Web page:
layer was transferred with a micropipette to a tipped glass
tube and placed in an ice bath to prevent the volatilization of
dichloromethane and the impact on experiment results.
2Journal of Analytical Methods in Chemistry
en, 1 μL of this organic layer was injected into the GC-MS
with a 10 μL syringe (from Agilent).
2.5. GC-MS Analysis. An Agilent Technologies (Little Falls,
DE, USA) gas chromatograph 7890 equipped with an
electronically controlled split/splitless injection port, an
inert 5975C mass selective detector with electron impact (EI)
ionization chamber, and a 7683B series injector/autosampler
were employed for identification and quantification of
N-nitrosomorpholine that was the derivative of morpholine.
e GC separation was conducted with a TM-1701
30 m ×0.32 mm I.D., 0.5 μm film thickness column (Tech-
comp, China). e carrier gas was helium with a constant
flow rate of 2 mL·min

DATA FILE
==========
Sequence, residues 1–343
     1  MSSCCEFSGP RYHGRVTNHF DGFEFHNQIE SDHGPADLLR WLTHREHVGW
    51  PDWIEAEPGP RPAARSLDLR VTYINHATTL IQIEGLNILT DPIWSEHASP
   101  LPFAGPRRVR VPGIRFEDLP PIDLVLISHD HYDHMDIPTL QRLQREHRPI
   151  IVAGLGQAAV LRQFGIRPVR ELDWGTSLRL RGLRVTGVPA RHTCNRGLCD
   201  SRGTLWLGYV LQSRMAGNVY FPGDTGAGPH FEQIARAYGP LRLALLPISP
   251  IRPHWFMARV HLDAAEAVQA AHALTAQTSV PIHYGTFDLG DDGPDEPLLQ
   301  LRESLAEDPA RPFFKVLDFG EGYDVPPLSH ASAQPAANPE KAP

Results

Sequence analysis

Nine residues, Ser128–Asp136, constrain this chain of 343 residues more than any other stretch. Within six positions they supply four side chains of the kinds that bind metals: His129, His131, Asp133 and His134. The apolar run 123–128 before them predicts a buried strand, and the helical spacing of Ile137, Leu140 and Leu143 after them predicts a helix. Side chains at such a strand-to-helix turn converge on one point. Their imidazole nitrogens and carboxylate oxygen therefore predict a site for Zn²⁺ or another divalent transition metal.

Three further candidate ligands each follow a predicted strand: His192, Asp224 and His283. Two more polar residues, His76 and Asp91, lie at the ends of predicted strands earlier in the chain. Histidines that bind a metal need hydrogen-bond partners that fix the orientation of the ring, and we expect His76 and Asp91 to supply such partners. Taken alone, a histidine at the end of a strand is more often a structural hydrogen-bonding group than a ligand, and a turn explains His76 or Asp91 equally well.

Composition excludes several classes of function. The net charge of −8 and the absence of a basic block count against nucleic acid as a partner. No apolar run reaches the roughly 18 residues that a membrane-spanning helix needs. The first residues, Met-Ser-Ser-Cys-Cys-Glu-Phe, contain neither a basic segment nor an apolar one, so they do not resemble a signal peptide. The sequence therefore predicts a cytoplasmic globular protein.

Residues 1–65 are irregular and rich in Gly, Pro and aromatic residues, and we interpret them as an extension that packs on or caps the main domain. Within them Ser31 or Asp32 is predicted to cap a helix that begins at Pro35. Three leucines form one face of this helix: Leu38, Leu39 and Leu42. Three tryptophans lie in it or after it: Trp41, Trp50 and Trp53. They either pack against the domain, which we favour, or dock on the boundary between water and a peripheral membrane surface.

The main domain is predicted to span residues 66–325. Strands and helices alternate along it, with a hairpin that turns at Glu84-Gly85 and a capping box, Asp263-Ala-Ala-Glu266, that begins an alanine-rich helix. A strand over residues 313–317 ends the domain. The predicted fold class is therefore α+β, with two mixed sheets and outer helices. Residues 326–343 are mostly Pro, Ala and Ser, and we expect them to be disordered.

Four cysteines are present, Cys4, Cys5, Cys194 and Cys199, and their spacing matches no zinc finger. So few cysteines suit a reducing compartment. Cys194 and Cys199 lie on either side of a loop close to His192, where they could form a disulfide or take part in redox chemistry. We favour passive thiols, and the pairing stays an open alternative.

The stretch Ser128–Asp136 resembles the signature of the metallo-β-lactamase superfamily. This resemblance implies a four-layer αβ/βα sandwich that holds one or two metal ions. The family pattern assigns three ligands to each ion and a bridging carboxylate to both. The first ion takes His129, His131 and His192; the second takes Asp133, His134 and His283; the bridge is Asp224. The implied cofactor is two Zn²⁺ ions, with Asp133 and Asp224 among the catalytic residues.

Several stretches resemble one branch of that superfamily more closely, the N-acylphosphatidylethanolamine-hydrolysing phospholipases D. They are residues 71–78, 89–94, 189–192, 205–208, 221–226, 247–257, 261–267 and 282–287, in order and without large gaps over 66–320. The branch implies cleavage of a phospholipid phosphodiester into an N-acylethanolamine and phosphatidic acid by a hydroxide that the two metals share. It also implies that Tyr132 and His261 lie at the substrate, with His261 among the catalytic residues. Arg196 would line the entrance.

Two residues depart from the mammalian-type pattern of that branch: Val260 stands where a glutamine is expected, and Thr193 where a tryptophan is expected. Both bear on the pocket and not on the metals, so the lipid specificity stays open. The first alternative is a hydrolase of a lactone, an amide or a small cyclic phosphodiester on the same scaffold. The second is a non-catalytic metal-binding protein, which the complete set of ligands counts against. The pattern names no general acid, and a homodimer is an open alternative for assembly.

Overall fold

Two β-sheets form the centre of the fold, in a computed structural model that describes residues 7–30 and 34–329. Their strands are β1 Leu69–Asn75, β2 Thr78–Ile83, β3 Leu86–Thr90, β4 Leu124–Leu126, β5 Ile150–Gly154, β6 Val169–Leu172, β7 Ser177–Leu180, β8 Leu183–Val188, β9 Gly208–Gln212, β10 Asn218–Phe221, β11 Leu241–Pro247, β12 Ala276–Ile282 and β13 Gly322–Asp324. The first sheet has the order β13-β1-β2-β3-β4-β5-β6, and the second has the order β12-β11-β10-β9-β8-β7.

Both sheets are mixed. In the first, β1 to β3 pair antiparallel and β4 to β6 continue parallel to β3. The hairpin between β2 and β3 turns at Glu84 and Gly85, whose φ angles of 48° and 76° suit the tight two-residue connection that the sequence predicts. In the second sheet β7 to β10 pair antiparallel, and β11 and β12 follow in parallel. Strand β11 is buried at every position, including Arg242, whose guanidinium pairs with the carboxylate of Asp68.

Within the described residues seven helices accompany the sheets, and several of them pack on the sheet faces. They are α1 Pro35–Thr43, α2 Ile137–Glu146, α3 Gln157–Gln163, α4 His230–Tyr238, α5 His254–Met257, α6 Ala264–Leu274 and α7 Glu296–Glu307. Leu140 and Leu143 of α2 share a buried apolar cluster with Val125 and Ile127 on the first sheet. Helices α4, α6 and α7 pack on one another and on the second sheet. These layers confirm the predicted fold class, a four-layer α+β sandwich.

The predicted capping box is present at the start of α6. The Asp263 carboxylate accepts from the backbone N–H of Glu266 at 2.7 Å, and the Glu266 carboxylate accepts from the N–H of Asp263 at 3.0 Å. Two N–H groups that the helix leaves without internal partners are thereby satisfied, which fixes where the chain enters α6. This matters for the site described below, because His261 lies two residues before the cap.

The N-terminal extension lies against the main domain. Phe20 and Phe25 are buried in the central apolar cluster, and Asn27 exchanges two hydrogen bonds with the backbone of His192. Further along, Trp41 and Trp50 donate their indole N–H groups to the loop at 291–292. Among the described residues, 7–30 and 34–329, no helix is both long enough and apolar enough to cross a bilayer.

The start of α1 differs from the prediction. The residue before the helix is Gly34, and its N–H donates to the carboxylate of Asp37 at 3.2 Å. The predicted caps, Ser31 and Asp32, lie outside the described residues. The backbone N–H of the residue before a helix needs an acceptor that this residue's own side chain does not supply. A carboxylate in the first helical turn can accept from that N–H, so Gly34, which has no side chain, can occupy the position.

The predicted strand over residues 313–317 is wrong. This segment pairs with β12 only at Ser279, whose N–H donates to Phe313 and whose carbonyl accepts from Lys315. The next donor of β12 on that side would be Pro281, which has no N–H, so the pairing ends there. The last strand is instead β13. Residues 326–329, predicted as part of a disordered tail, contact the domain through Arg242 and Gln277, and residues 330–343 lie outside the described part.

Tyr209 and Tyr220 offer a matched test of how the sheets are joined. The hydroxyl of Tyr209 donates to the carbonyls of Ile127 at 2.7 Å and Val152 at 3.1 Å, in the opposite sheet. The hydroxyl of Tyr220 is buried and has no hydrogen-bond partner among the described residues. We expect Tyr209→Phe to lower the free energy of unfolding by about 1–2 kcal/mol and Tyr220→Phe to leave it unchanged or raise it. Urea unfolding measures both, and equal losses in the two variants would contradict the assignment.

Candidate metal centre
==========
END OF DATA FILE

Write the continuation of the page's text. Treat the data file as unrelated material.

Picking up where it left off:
1
. e injection volume was 1 μL and
was vaporized at 250°C with a 1 : 7 split ratio. e GC oven
was operated with the following temperature program:
initial temperature 100°C held for 4 min and programmed to
120°C at a rate of 10°C min
1
and held for 3 min, and then
ramped at 20°C min
1
–250°C and held for 5 min. e total
run time was 18 min.
Two different ions were selected to detect and quantify
N-nitrosomorpholine (86.1, 116.1) at the selected ion-
monitoring (SIM) mode. Ionization was performed by
electron impact (EI) mode at 70 eV energy. e tempera-
tures used were 280°C for the transfer line, 230°C for the ion
source, and 150°C for the MS quadrupole. e solvent delay
was 4.5 min.
3. Results and Discussion
3.1. Principles of Derivatization and Identification of
Derivative. Morpholine, as a secondary amine, reacts with
sodium nitrite under acidic conditions to produce stable and
volatile NMOR which can be determined by GC-MS. e
reaction is shown in Figure 1. 2.0 mL of 400 μg·L
1
mor-
pholine standard solution was used to verify the de-
rivatization reaction. e total ion current chromatogram
and mass spectra of the NMOR derivative are shown in
Figure 2. Analyses of mass spectra and MS data of the
derived sample proved that the derivative was NMOR.
3.2. Optimization of Derivatization and Extraction. A rapid
and low-cost derivatization technique has been developed
for detection and determination of morpholine. e de-